CMS Secretariat visits Bonn International School

Bonn, 22 June 2016 - Four representatives from the CMS Secretariat’s Terrestrial Species Unit visited the Bonn International School to give a presentation about the Convention and what they do to conserve migratory animals. The Bonn International School recently contacted the Secretariat, because some of the younger children were extremely interested in animals. These EL5 pupils, aged 5 and 6, were very excited when the CMS representatives came to visit.

The presentation began with an introduction explaining what CMS does. Using terms that the young audience could understand, CMS was described as “an agreement within the United Nations where people get together to try their best to make sure animals are safe.” It was explained that the animals CMS works to conserve are those that “move from one place to another and then go back and forth throughout their lives.” And that this “migration” is done on land, through the air, or in water. The children learned that animals move across borders, therefore countries need to work together to ensure species’ survival.

The rest of the presentation featured the following species: African lion, Snow leopard, African elephant, Saiga antelope, Harbour porpoise, and Saker falcon. Students were asked where they thought the species lived, what they ate, and why they need to be protected. One pupil expressed the view that elephants are “not safe because humans shoot them to take their tusks.” Another said that people “take their tusks to make treasures.” All of the students agreed that to protect elephants, this had to stop.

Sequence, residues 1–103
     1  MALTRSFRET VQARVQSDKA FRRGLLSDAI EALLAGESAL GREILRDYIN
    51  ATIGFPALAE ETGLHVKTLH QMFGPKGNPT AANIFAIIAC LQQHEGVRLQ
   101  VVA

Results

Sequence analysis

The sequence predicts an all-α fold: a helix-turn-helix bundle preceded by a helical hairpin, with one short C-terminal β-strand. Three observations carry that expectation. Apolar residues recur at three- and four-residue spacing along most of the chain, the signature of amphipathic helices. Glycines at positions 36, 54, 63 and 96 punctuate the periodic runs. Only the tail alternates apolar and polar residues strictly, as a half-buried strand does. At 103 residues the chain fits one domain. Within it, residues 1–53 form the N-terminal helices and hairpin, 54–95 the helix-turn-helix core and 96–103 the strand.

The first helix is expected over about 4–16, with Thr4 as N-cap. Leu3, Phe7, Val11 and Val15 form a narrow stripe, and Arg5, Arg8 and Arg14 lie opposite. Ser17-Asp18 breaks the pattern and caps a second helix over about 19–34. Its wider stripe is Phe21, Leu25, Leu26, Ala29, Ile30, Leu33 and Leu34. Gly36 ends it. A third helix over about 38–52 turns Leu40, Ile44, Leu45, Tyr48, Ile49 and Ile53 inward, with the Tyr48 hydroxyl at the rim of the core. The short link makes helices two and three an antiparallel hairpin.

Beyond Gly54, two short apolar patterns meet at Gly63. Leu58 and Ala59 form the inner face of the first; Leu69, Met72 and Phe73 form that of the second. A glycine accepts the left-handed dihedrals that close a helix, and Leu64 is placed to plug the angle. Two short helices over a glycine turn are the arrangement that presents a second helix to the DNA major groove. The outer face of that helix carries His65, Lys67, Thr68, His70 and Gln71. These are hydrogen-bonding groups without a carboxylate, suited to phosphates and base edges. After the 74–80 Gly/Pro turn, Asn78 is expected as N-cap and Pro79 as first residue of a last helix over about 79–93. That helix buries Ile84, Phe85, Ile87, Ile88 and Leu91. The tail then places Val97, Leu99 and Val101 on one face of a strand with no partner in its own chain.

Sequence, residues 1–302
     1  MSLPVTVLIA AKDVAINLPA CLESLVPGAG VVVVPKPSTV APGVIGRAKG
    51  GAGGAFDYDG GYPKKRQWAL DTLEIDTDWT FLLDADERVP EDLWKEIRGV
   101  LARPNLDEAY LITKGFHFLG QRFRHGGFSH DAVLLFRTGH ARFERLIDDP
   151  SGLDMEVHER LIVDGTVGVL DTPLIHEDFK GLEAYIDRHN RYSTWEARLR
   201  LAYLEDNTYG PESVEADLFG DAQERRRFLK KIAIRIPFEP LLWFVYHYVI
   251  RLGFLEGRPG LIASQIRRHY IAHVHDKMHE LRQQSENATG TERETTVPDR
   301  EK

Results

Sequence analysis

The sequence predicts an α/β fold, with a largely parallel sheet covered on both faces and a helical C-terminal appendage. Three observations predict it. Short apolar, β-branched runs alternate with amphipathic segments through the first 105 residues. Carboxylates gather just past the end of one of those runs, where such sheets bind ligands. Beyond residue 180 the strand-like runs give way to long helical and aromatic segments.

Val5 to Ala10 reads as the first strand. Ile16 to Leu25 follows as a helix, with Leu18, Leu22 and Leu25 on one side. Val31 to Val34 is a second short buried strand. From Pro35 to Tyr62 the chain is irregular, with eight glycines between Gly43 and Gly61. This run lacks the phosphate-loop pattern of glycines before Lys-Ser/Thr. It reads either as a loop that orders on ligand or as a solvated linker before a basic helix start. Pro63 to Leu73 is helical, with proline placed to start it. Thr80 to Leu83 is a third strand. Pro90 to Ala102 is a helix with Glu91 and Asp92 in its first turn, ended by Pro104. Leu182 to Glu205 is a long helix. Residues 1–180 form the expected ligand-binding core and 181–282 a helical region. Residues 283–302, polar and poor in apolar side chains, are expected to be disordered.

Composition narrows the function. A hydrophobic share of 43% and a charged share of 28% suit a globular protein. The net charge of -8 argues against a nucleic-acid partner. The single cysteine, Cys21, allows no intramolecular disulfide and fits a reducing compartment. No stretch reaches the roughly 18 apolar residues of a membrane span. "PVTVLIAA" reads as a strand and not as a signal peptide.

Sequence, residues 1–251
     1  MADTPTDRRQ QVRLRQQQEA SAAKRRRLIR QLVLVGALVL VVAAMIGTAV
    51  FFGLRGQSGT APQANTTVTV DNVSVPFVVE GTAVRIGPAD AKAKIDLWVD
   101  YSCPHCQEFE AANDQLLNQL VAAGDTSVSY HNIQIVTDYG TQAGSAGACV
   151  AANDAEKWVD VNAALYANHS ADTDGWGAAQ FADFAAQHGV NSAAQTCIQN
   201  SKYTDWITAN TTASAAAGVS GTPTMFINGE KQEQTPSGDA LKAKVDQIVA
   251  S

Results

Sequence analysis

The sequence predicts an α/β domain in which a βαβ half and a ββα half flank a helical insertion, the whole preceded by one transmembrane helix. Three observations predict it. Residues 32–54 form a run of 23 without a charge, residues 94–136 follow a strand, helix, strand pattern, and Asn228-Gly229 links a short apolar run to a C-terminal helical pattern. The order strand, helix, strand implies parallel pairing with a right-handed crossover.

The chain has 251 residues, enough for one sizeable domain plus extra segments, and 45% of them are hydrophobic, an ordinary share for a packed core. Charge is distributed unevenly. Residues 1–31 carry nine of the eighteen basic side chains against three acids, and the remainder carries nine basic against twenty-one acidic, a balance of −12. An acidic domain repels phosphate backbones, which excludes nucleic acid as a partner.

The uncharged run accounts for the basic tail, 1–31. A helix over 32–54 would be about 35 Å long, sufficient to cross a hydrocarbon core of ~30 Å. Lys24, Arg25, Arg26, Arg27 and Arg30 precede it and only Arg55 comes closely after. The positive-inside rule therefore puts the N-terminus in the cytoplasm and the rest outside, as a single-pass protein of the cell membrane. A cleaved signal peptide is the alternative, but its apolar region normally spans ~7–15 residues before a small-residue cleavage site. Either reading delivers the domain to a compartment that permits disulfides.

“It’s so important to teach the kids that even though they are small they can do their part and if everyone did it - we could make a difference!” - Kimberly Henderson, EL5 Teacher, Bonn International School

After a demonstration on how to save a beached harbour porpoise, the students bid the CMS representatives goodbye with a song “Big Bad Lad of the Ocean” from their performance of “Ocean Commotion.”

CMS gladly took the opportunity to reach out to these young pupils at the Bonn International School, because they may be future leaders in the field of conservation.

This article was prepared by Matthew Todd during his internship in the Terrestrial Species Unit of UNEP/CMS Secretariat

Last updated on 28 June 2016

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Phocoena phocoena
Species group: 
Terrestrial mammals